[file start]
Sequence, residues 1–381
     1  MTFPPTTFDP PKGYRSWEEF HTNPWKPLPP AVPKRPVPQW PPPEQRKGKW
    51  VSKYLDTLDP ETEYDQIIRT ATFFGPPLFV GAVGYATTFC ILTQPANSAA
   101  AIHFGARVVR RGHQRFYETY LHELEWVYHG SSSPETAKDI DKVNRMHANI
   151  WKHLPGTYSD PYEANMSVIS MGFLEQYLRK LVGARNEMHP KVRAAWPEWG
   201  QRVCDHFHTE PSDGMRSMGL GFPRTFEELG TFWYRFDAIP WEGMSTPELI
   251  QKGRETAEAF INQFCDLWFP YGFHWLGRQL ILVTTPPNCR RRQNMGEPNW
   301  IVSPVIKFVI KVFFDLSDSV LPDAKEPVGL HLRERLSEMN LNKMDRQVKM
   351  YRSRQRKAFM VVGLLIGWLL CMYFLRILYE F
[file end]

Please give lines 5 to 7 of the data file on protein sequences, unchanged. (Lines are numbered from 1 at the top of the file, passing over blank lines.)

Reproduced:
   151  WKHLPGTYSD PYEANMSVIS MGFLEQYLRK LVGARNEMHP KVRAAWPEWG
   201  QRVCDHFHTE PSDGMRSMGL GFPRTFEELG TFWYRFDAIP WEGMSTPELI
   251  QKGRETAEAF INQFCDLWFP YGFHWLGRQL ILVTTPPNCR RRQNMGEPNW